Tax Liens in Fort Smith, Arkansas
In Fort Smith, Arkansas, a "lien" is a security interest placed on a piece of property, typically land or a house, to secure the payment of a debt. It usually gives a creditor the right to take ownership of any equity that exists in the property, to secure the payment of the debt. If the owner sells the property, the creditor may also be entitled to the funds of the sale, up to the amount owed. It can also give the holder of the lien a higher priority status, giving them an advantage over competing creditors, if the debtor files bankruptcy.
As you might have gathered, a "tax lien" is simply a lien placed on property by the IRS or Fort Smith, Arkansas tax authorities, to gather taxes that the property-owner has failed to pay.
Of course, a tax lien in Fort Smith, Arkansas isn't worth much more than the paper it's printed on if the debtor doesn't own any property of value, on which a lien could be placed. Nonetheless, a tax lien applies to property that the taxpayer obtains even after the lien is created. Apparently, this makes it quite a bit easier for the government to collect its taxes.
Tax Lien Procedure in Fort Smith, Arkansas
The actual process of setting up a Fort Smith, Arkansas tax lien is typically pretty simple. The agency responsible for collecting taxes must first decide that a tax lien is warranted, typically by finding that the debtor owes a significant amount of back taxes.
Then, the IRS, or state tax authorities, send a "notice and demand," informing the taxpayer that they owe back taxes, and that they are obligated to pay their taxes within 10 days.
If the back taxes are not paid before the deadline is up, the lien will typically take effect immediately, with no further action by the IRS or Arkansas tax agency, giving them all the rights in your property that the law permits.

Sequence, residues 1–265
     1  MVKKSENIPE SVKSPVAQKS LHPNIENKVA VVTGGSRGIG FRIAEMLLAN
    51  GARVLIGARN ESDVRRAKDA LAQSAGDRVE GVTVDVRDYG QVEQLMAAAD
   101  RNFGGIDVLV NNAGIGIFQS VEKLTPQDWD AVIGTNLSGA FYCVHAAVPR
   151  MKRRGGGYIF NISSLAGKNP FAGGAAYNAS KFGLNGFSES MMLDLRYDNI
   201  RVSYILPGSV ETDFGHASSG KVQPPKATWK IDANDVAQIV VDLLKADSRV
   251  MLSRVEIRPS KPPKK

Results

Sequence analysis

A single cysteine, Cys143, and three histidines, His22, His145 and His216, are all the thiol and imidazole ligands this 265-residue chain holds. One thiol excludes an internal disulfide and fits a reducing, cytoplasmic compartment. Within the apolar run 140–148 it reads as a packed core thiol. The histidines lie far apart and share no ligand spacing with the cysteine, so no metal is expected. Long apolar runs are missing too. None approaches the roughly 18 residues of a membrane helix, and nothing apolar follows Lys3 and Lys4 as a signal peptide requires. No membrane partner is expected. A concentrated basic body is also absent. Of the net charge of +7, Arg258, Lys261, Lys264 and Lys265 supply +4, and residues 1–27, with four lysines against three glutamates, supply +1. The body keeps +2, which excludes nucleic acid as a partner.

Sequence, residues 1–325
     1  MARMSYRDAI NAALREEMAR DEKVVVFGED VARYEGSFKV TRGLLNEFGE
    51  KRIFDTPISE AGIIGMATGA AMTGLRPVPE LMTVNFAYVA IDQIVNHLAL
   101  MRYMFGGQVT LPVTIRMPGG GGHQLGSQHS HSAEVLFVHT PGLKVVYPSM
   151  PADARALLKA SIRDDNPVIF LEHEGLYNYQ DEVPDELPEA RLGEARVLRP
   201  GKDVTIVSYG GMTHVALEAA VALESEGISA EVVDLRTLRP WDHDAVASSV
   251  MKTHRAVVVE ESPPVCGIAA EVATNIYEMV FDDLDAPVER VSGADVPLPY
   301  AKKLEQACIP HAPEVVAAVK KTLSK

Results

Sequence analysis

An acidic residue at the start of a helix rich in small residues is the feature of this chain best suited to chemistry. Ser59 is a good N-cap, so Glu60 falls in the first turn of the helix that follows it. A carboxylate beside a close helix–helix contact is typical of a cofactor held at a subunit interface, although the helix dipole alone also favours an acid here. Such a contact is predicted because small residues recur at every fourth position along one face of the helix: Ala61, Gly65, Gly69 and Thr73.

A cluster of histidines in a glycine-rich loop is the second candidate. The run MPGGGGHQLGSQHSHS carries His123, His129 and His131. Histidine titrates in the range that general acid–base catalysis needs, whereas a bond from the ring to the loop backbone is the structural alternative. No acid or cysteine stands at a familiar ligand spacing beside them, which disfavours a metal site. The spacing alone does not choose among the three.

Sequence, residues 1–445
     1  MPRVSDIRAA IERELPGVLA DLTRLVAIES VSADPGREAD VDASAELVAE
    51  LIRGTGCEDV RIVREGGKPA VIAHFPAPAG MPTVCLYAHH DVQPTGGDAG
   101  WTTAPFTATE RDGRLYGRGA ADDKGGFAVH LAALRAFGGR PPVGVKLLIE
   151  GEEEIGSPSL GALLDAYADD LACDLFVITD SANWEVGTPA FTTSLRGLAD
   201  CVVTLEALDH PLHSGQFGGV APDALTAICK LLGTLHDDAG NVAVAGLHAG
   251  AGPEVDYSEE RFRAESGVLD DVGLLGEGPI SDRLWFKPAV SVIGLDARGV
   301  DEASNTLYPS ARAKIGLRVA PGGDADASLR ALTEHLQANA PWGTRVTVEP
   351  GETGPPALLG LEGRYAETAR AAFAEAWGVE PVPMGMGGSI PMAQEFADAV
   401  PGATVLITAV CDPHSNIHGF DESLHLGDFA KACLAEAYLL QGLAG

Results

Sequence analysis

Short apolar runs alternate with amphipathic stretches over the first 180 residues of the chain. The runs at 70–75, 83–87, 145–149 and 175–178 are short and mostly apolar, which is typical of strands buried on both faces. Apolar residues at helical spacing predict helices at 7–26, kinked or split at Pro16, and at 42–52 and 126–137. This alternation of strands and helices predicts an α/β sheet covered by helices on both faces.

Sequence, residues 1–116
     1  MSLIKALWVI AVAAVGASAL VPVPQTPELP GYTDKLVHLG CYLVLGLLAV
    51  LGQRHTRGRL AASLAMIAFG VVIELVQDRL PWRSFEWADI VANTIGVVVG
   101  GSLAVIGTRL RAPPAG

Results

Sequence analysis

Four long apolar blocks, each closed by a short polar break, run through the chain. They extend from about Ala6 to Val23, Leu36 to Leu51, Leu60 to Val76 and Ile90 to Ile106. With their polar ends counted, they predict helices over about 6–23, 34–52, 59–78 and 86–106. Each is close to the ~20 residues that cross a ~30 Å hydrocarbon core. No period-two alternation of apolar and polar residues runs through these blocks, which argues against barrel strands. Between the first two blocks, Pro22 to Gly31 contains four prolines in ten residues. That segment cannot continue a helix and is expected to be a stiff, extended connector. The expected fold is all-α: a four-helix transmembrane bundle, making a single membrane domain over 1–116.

But, these rights are limited. In Fort Smith, Arkansas, and everywhere else in the United States, the IRS has 10 years to enforce a tax lien. If they do nothing about it within 10 years, the lien expires. This rule exists for a few reasons. First, it encourages the IRS to act as quickly and efficiently as possible, and not "sit on its rights." Also, it acknowledges the fact that any encumbrance on a piece of property, such as a lien, makes the property less valuable. By guaranteeing that the lien will either be satisfied or expire within 10 years, this prevents property from being withheld from the stream of commerce forever.
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How Can a Fort Smith, Arkansas Tax Lien Lawyer Help?
If you end up having a tax lien imposed on your property in Arkansas, you will probably have to deal with some fairly challenging legal issues, which might be complicated to a layperson.
Therefore, if you think that any piece of property you own might become subject to a tax lien in Fort Smith, Arkansas, you should not delay to seek the advice of a skilled tax attorney immediately.